THE health of a country's currency or its financial well-being rests on the genuineness of its money in circulation. Fake currency notes or the capacity of clandestine currency copiers and their ability to circulate the same successfully among unsuspecting people can throw a very serious challenge to the normal functioning of a country's economy. Such activities on a large scale can undermine faith on the national currency leading to even spectacular erosion in its value in a short period of time. Bangladesh had to face such a situation once in the seventies following its independence when its high value 500 taka notes had to be demonetised in a bid to take the wind out of the sails of its fake producers and circulators. Recently, frequent newspaper reports have been noted about counterfeit Bangladeshi currency. The notes are of taka 500 and 100 denominations mainly.
The reason for real concern is that the fake notes seem to be so well made that these are hard to distinguish from the authentic ones. This has been causing problems in two areas : the difficulty of common people in realising that they are dealing in bogus currency and application of the laws in relation to such counterfeit currency. The law presently is severe about possessing or attempting to distribute such notes. But how will inexperienced people know that they have accepted fake notes thinking of them as genuine ones and attempting to pass them on to others? Can they be charged, in all fairness, for possession and circulation of such currency notes? The other obvious problem is the one faced by handlers of currency notes -- in all kinds of institutions -- to determine their true nature. Thus, the government is faced with, no doubt, a rather precarious position in relation to mounting activities of fake currency production and their circulation. It needs to act with a clear view and policies to root out this crime for good in the economy's highest interest and for achieving normalcy in the indispensable monetary transactions of people and organizations.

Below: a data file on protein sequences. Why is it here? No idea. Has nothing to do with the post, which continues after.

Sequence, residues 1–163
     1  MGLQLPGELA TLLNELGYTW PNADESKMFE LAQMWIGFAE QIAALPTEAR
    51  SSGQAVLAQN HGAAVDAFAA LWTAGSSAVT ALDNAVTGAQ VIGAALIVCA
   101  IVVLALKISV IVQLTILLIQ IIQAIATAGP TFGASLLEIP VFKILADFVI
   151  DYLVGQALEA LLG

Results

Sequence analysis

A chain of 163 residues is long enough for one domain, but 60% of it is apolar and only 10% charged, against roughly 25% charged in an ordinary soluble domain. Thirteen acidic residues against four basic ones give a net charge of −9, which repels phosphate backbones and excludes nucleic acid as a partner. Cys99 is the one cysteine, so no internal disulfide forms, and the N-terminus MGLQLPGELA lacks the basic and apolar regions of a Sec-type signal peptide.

The present problem of fake money is not so extensive like that of 1974 when demonetisation had to be carried out. The problem is still limited and can be brought under control with truly devoted activities and swift and tough actions. It has earlier been reported that the fake currency makers are located mainly in Indian territories and they push such forged currencies into Bangladesh. Regular detection and seizure of such notes in large quantities in the bordering districts do otherwise lend credibility to this view. Therefore, the first step in order would be THE taking up of the matter with the relevant Indian authorities so that everything necessary can be done to find out and deal with such gangs within their jurisdiction. But there are reasons to believe that fake currency notes are also being made and distributed locally. Thus, the law enforcement bodies in Bangladesh need to be alerted to give the highest priority to learn about such rackets and take care of them for good.
Furthermore, the awareness level of all sections of people about fake currency should be raised with regular publicities in the mass media. The publicities need to aim to educate people on the ways and means of detecting false notes such as through identification of security threads in them and the luminous parts. Banks and other financial institutions are using machines on a limited scale to detect fake currency notes. The use of such machines needs to be much more extensive. Polymer notes are in circulation which are probably difficult to forge. But these special notes are restricted to small values. Thus, the polymer versions of 500 and 100 taka notes may prove to be effective against forgery.